Yes, the Cuban star impressed this spring, and yes, he clobbered a two-run home run in the A's second game of the season in Japan. But we still have no idea how his athleticism and physical skills will translate to the big leagues. Some scouts believe he has 20-20 potential and is a future All-Star. Some think that teams will expose his long swing with a steady diet of breaking balls, and he'll be in Triple-A by June. At the very least the
"I liked what they did this winter, trading away their pitchers. Their system was thin, so I liked that they were aggressive in acquiring talent. And I think they made a brilliant gamble with Cespedes. This guy is a tremendous athlete with great raw power."
It was the gutsiest deal of the winter: GM Jack Zduriencik traded a future ace (Michael Pineda) to the Yankees in a deal for a player who probably will spend the bulk of his career at DH (Jesus Montero). Don't forget about "the other guy" in the trade, Hector Noesi, who's likely to start the year in the rotation and "could be this year's Ivan Nova," says Yankees GM Brian Cashman. Zduriencik also signed 30-year-old Japanese righthander Hisashi Iwakuma, the 2008 Pacific League MVP who will start the year in the M's bullpen.
The Mariners were willing to part ways with a pitcher as nasty as Pineda in large part because of the wealth of talented young arms they have in their system. One scout this spring compared the trio of Danny Hultzen, James Paxton and Taijaun Walker to the Braves' troika of future Hall of Famers that helped Atlanta dominate the NL East during the 1990s and early 2000s. All three pitching prospects will start the year in the minors --- their development might be the key to the future of the franchise. Hultzen --- the No. 2 overall pick in last year's amateur draft --- will probably be the first of the phenoms in The Show this season, but the 19-year-old Walker, who was dazzling this spring, has the most upside.
The overlooked 21-year-old righthander from Nicaragua was so impressive in camp that he won a bullpen job. Don't be surprised if Ramirez moves to the rotation and is starting games at Safeco by mid-summer and emerges as this year's Pineda.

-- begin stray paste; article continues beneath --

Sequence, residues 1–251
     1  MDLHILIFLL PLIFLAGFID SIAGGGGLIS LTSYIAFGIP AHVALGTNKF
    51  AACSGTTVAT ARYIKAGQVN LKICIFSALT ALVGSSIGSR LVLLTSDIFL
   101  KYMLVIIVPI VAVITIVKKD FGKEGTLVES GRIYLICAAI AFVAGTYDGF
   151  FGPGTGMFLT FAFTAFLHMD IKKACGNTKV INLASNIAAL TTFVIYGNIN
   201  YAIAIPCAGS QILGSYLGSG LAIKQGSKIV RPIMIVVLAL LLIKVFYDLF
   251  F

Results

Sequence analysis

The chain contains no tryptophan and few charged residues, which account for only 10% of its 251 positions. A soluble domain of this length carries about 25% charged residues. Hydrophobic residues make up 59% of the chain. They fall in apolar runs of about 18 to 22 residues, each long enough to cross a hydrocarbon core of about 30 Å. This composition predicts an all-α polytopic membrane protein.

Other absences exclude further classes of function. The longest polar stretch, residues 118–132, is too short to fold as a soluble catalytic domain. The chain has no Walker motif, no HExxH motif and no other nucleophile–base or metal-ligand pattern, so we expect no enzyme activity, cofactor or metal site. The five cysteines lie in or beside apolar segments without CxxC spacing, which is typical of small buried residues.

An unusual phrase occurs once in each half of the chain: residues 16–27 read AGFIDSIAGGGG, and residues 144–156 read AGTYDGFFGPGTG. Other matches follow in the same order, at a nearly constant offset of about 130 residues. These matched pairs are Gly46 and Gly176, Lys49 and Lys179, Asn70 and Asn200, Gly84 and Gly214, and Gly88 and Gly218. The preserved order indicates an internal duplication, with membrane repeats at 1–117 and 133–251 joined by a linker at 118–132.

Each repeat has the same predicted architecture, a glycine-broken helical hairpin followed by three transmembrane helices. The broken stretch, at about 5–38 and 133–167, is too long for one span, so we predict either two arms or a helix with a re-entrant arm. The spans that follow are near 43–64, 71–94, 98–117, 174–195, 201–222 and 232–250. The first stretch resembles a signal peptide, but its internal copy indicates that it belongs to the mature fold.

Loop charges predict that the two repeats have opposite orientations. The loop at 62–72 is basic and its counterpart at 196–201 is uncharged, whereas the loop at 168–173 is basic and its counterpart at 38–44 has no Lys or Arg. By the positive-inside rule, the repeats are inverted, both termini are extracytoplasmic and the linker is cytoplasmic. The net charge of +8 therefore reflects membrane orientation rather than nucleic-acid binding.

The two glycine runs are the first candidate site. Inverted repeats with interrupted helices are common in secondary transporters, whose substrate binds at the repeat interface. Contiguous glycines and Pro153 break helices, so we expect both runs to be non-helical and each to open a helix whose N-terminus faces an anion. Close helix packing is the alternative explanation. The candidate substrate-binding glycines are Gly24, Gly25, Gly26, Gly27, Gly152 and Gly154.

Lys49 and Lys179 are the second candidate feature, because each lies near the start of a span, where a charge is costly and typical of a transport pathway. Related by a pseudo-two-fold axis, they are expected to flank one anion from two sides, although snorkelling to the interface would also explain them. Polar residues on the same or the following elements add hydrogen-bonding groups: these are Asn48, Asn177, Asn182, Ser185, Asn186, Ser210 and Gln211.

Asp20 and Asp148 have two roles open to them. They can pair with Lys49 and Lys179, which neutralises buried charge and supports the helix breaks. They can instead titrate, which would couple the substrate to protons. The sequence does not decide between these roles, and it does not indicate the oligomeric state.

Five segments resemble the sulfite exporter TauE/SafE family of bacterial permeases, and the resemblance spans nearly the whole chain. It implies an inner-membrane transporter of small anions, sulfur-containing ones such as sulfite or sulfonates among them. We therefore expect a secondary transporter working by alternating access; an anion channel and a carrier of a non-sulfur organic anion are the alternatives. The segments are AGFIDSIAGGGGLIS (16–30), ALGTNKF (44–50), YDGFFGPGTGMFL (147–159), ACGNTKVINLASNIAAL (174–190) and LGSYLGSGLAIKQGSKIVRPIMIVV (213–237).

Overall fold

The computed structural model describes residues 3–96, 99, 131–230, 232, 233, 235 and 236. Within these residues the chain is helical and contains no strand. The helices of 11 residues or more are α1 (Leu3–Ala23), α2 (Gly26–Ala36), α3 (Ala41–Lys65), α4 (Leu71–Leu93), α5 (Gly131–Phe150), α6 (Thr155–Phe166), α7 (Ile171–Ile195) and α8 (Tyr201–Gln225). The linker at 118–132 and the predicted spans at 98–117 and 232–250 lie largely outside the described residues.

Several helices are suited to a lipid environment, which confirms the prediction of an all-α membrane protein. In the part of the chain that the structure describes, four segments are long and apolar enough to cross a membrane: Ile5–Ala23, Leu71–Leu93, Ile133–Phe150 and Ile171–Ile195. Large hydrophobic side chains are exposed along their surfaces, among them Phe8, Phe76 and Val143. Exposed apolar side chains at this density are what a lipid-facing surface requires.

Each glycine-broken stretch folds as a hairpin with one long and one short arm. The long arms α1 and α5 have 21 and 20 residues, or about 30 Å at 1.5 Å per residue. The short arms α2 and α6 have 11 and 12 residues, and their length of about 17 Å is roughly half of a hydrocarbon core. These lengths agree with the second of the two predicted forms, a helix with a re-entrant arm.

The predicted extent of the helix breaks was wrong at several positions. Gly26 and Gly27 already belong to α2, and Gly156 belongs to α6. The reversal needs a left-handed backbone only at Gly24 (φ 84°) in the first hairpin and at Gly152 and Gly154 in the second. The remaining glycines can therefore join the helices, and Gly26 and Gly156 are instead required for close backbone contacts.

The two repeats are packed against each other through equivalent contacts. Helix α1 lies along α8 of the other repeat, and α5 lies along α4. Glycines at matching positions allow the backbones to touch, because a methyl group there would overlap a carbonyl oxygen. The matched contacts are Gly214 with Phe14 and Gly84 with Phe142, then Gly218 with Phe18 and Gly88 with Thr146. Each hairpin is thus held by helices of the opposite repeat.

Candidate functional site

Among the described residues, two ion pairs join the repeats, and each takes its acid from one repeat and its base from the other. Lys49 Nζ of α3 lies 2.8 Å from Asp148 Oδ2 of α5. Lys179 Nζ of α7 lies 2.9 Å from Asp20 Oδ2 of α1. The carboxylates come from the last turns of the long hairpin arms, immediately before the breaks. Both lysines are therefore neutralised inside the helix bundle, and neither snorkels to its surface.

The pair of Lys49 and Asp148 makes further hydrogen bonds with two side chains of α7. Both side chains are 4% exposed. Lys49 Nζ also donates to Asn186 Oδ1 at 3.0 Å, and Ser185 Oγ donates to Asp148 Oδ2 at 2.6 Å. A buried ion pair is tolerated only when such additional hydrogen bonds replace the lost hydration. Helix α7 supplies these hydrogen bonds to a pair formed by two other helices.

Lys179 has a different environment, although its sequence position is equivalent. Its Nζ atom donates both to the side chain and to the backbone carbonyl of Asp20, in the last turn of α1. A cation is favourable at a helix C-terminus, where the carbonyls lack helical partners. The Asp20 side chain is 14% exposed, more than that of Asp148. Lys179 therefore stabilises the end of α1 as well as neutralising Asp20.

"This team has no chance this year and probably next year, but as ugly as it's going to be at times this year in a division with two superpowers, they're on the right track. I really love their pitching. They remind me of the Rays when they were starting to build it all up."
After the heartbreak of last October's World Series loss, they flirted with the idea of adding Prince Fielder to the already stacked lineup, but (wisely) took a pass. They spent $111.7 million on the most intriguing pitcher on the planet, Japanese sensation Yu Darvish. They signed 37-year-old Joe Nathan, who is replacing rotation-bound Neftali Feliz as the team's closer, to a two-year, $14.5 million deal. They were the AL's most complete team the last two years -- and now they're better.
Every one of Darvish's start will be an Event. There are Texas-sized expectations for
He's one of Texas' top prospects, a power hitting third baseman who led the Arizona Fall League in home runs. He made his debut at first this spring, and will be seeing time at the position to start the year at Double-A Frisco. If Mitch Moreland's struggles continue, don't be surprised to see Olt manning first base and launching bombs in Arlington as soon as this summer.
"They're better than they were last year, with a true ace in the rotation now, and Feliz in the rotation, where he belongs. Matt Harrison has looked outstanding this spring. He's going to surprise a lot of people. As a whole, I've been really impressed by their pitching. You know they're going to hit."